Just about everyone knows that citrus fruits are full of great vitamins, potassium, calcium, phosphorus and magnesium, which means that everyone knows about the great health benefits these fruits provide.
Some citrus fruits are harder to grow than others are, and thankfully, two of the best ones can be easily grown right in your yard (or even inside your house!). When you grow your fruit by yourself, you’ll be able to taste the difference in quality and freshness, and keep your body free from any chemical contamination associated with non-organic growing. Here are instructions on growing your own citrus fruits:
It is recommended that you purchase a baby tree (around 2-3 years old) in order to get the best result with your lemons. Purchase a clay or plastic pot, (be sure its larger than the root of the tree and it has a lot of tiny holes at the bottom) about 12 to 15 inches deep and 18 inches diameter. Place you baby tree inside the pot and fill it up with stones to improve airflow. Fill the rest of the pot with soil, but keep in mind that there are some soils specifically prepared for growing citruis trees, so it is more likely that these soils will give you better results.
This is just about all the preparation you need to know. Your tree needs about 8 to 10 hours of sunlight during the day and regular watering.
Watering your lemon tree or other citrus trees is a bit tricky. Too little water or too much water and the tree will die. With ground-planted citrus trees, watering should be done about once a week. But in this case, container planted citrus trees should be watered as soon as the soil dries out or is only slightly damp. Never let a citrus tree dry out completely for more than a day.
This is basically everything you need to know in order to grow your own healthy lemons. The lemons take about 9 months until they are fully ripen, so when they have full color then they are ready.
You can also grow one from a seed! To grow your own lemon tree, you will need the following things:
- An organic lemon because non-organic lemons often contain non-germinating seeds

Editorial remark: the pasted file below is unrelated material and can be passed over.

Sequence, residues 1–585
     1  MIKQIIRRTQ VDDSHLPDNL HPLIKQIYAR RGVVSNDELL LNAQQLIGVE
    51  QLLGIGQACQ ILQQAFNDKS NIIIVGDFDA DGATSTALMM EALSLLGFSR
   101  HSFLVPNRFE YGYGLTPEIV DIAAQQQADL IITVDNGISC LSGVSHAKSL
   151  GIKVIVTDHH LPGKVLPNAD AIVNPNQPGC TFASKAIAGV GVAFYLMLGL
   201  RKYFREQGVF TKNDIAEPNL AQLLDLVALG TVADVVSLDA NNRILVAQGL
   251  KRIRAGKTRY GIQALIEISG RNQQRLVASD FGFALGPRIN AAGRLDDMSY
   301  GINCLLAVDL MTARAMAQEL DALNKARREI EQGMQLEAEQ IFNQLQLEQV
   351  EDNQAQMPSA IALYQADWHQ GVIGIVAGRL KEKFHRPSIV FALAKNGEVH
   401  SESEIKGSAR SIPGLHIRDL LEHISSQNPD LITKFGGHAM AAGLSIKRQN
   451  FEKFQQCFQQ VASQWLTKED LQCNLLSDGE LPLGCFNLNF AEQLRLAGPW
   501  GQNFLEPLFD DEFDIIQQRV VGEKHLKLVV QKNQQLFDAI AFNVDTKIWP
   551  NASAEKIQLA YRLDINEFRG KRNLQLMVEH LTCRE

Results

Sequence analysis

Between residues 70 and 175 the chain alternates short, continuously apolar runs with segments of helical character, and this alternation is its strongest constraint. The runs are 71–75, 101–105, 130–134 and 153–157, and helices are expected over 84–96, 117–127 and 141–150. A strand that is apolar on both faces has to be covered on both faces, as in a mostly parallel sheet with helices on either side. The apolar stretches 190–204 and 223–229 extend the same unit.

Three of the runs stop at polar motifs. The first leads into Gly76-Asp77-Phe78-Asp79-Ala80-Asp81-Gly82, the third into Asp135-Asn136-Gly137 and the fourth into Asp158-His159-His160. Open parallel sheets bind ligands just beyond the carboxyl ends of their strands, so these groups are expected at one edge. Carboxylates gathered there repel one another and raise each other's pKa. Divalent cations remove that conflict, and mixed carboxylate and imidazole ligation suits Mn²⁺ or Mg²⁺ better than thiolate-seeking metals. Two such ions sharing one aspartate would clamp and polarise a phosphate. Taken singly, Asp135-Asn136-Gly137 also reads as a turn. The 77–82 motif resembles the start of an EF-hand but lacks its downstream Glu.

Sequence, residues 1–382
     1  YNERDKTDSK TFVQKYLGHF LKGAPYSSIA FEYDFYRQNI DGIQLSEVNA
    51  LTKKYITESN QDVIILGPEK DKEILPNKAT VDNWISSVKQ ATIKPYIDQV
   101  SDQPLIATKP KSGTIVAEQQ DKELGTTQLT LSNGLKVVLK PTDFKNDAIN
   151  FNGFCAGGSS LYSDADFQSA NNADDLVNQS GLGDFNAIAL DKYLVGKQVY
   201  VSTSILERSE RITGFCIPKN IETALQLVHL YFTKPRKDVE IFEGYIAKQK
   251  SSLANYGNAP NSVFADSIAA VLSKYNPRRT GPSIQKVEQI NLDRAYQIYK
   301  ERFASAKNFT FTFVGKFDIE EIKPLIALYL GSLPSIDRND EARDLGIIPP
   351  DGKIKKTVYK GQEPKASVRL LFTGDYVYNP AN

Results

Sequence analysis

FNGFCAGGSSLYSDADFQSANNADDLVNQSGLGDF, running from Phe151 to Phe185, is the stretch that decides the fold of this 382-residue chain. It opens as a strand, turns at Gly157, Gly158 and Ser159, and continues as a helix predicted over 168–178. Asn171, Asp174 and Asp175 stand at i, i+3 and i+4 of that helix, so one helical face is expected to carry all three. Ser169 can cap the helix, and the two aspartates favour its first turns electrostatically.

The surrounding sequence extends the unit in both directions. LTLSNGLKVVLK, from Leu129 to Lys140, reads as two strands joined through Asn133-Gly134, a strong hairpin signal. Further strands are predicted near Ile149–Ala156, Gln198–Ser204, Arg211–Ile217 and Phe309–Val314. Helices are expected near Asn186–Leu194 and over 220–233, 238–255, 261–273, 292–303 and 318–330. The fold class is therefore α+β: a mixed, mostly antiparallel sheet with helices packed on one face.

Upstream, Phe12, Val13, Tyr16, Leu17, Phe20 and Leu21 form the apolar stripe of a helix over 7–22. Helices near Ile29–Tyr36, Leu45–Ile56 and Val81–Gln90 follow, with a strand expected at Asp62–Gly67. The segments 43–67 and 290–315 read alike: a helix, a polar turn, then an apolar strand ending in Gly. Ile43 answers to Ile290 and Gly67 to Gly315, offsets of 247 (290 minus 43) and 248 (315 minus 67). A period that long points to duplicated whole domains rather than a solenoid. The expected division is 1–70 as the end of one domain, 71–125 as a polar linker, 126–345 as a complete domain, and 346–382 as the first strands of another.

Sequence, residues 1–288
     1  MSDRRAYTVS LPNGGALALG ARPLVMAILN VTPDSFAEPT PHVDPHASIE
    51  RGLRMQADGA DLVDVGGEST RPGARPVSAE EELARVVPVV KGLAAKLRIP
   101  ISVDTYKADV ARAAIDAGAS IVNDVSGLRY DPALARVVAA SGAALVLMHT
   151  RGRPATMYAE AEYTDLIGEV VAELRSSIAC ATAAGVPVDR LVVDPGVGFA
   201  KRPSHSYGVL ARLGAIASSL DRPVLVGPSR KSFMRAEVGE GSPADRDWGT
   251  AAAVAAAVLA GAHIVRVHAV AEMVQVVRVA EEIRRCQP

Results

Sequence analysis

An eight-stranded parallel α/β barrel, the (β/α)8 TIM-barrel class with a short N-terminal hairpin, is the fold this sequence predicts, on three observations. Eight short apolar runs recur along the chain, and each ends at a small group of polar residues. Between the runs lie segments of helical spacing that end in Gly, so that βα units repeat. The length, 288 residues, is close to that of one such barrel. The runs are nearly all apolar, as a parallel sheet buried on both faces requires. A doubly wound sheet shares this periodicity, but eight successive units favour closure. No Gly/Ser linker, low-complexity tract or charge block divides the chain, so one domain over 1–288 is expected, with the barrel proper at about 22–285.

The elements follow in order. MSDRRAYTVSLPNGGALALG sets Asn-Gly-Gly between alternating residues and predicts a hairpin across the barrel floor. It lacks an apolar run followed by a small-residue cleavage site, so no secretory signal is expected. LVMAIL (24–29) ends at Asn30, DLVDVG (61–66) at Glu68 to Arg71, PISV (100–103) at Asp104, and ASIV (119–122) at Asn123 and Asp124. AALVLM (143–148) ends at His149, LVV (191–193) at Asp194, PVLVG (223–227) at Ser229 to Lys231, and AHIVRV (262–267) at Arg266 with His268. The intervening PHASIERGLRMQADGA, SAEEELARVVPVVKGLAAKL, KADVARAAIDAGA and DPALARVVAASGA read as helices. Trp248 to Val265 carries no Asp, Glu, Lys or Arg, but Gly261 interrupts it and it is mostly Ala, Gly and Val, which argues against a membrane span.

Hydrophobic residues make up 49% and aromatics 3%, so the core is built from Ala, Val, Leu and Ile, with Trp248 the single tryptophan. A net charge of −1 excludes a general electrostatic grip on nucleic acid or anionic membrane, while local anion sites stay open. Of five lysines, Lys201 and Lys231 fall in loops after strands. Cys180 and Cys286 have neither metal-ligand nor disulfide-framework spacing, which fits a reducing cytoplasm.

- Fertile potting soil, preferably containing vermiculite, peat, perlite, and natural fertilizers
- One planting pot (six inches wide and six inches deep)
- One seedling pot (24 inches wide by 12 inches deep)
- A sunny, indoor growing location and possibly a grow lamp
Follow these steps to grow your own lemon tree:
- Moisten the soil so that it becomes damp all the way through.
- Fill a smaller pot with soil up to an inch under the rim.
- Open one lemon and take out a seed. Make sure there’s no pulp on the seed. You can easily do this by sucking on it because it needs to be planted immediately. The seed must be moist when you place it in the soil. Plant the seed about half an inch in the middle of the pot. Spray the soil that’s above the seed with a spray bottle filled with water.
- Cover the pot with clear plastic wrap and use a good rubber band to seal the edges, and poke small holes in the top with a pencil.
- Put the pot in a warm, sunny location.
- Occasionally spray it with water so you don’t allow the soil to dry out. The soil should be kept somewhat moist, so try not to over-water it.
- Sprouting should occur after two weeks. Once it does, take the plastic cover off it.
- A young plant should have damp soil, with eight full hours of sun every day and you can also give it moderate doses of organic fertilizer.
- Be careful with bugs or another diseases as they’ll attack the plant quickly. Protect the plant from any brown or dead leaves.
When the plant begins to overgrow the pot, place it into a bigger one. Re-planting the lemon tree is very similar to when you first planted it. A younger plant needs more water than one that is fully grown, but not so much that will make it drown.
If you want to grow your tree indoors, a baby tree is the best option, just like with the lemon tree. Baby trees tend to have more successful growth records than seeds. Prepare the pot in the same way as described for lemons (spacious with rocks, and drainage holes at the bottom), and give the tree regular sunlight.
Mandarin trees don’t usually grow much taller than 6 feet in height, and this makes them safe for growing indoors. Water them regularly but don’t over-water them, and change the pot to a larger one once the roots grow back on themselves or poke out of your drainage holes. Pick the oranges as soon as they turn orange, because otherwise they will start losing their flavor.
Tip: When you take off an orange from a tree make sure that the little button on top of it doesn’t get unattached.
These are two very simple ways that can provide healthy fruits on your table without so much effort!
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